A gay former shoe shop manager, alleged to have committed theft, has won his fight against extradition to the United Arab Emirates (UAE) amid fears he would be “unfairly” trialed and face “torture” because of his sexuality.
Michael Halliday, 32, was working as the manager of footwear retailer Level Shoe District in the posh Dubai Mall in the UAE when he was accused of theft in January 2013.
He allegedly took £118,342 worth of UAE currency from shop safe before fleeing the country next day.
While some UK human rights campaigners hailed this as a success or setting a precedent, UAE based LGBTI activists raised concern over the possible negative impact of “playing the gay card”.
The UAE then made an extradition request in June 2014 for Halliday who has been fighting to stay in UK since as he fears he would be in danger if he was imprisoned there and unfairly trailed.
In addition, Halliday pleads innocent and rejects the allegation of theft made by the UAE authorities.
The extradition was refused under the Human Rights act which enshrined Article 3 of the European Convention on Human Rights people are protected from torture, inhuman or degrading treatment and Article 6 provides the right to a fair trial
The Westminster Magistrates Court district judge Jeremy Coleman said: “I find that Mr Halliday’s sexual orientation is an additional factor in considering his Article 3 rights were he to be extradited to a society where homosexual practices are very strongly condemned.
“I find that Mr Halliday has proved to the required degree that in the event of extradition there is a substantial risk both his Article 3 and 6 rights would be breached.
“I therefore discharge Mr Halliday from these proceedings.”
Homosexuality is illegal in the UAE and punishable with a 10-year prison sentence, although this law has not been enforced for several years and many LGBTI people can and do live in the country.
“I’m extremely worried. If I was sent back I don’t believe I could defend myself in court or have a fair trial. The fact that I’m openly gay would mean that there would be prejudice against me,” Halliday told The Guardian.
He added that he faced eight months of “uncertainty not knowing if I would face extradition to the UAE to face accusations I firmly believe I can prove I am not guilty of.
“It is not the clearing of my name that I feared. It was more a serious question as to whether there was a realistic prospect of me being able to prove my innocence at trial given the UAE’s unfair justice system and their poor track record in the treatment of foreign prisoners, particularly members of the LGBT community.
“I am grateful to my legal team and the charities that have provided support and submitted to the courts that my rights as a gay man will be violated due to the outlawing of homosexuality in the UAE, their draconian punishments and attempts at ‘corrective’ measures.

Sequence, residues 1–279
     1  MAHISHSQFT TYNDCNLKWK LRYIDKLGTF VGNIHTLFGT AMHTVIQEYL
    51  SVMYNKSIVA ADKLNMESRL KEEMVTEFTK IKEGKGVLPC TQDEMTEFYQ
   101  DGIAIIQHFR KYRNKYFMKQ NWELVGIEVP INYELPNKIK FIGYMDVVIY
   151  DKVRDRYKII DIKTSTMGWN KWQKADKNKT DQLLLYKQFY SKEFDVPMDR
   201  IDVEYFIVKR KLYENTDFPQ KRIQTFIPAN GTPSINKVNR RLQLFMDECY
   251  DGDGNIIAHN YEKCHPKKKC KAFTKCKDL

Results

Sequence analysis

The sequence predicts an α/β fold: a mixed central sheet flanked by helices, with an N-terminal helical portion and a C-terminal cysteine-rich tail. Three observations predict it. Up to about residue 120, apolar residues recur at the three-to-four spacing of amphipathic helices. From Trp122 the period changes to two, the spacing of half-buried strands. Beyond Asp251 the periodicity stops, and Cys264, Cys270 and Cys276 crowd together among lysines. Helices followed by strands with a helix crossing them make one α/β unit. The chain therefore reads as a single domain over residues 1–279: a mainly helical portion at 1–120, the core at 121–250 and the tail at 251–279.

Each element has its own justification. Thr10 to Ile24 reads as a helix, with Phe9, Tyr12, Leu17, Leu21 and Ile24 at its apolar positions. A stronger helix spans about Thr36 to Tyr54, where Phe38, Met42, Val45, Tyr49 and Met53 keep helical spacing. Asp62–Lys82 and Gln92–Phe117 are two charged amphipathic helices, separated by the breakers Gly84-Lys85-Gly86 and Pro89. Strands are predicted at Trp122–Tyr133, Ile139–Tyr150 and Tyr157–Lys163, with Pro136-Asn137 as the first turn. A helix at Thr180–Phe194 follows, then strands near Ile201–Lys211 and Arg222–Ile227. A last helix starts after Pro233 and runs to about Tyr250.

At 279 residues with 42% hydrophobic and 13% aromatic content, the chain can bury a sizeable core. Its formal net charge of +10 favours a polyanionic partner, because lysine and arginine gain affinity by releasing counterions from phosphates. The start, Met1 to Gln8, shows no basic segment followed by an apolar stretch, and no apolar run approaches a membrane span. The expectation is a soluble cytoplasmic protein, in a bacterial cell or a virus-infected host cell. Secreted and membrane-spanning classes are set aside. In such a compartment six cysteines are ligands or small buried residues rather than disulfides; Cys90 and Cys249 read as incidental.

“Thankfully after today’s outcome I can now continue with my life without fear of the prospect of extradition.”
The UAE government have 14 days to lodge an appeal against the decision.
Human Rights Campaigner Peter Tatchell hailed the ruling as a “success” while the Edinburgh based LGBTI rights activist, Scott Cuthberston tweeted that he hopd “this will set a precident [sic].”
However, LGBTI rights campaigners from Dubai raised concerns over the ruling and cautioned against praising this case as a precedent.
Speaking with KaleidoScot, Abdulla, chair of the UAE LGBT Rights Group said: While We respect judge Jeremy Coleman’s decision, Mr Halliday’s sexuality is a non issue and shouldn’t have been factored into the decision, for the mere fact that he was already living and working there, as do many British LGBTI citizens.
“While I do not presume to know the facts about the case or the evidence presented regarding if he did commit any wrong doing, I believe coming out in public and using the ‘gay card’ was a cheap ploy to escape the allegations, and sets a bad precedent.
“It has a chilling effect on a number of issues pertaining the local LGBTI community in the UAE and how the government looks at us.
“Our country’s track record on human rights is not the greatest, we agree. However, over the past few years, and through hard work through our successful campaigns, authorities have toned down the anti LGBTI rhetoric.
“The UAE government has moved away from the previous model and slowly recognised that there are financial benefits to being inclusive and accepting specially to foreign LGBTI residents who visit or live and work there.
“Mr Halliday’s judgment undoes everything, and puts our community in the spot light once again, for the very wrong reasons, his sexuality was never an issue, facts and evidence should have been the only deciding factor to whether he was guilty or not.”
A lesbian Dubai based LGBTI rights campaigner, who wished to remain anonymous, told KaleidoScot: “I agree there are problems with the UAE’s Human Rights records, but we haven’t killed or harmed people for their sexuality now for years.
“But this just paves the road for people using their sexuality or gender identity as a scapegoat. It’s a misguided and dangerous persecution complex which could be used as a smear campaign against the UAE when it’s next convenient.”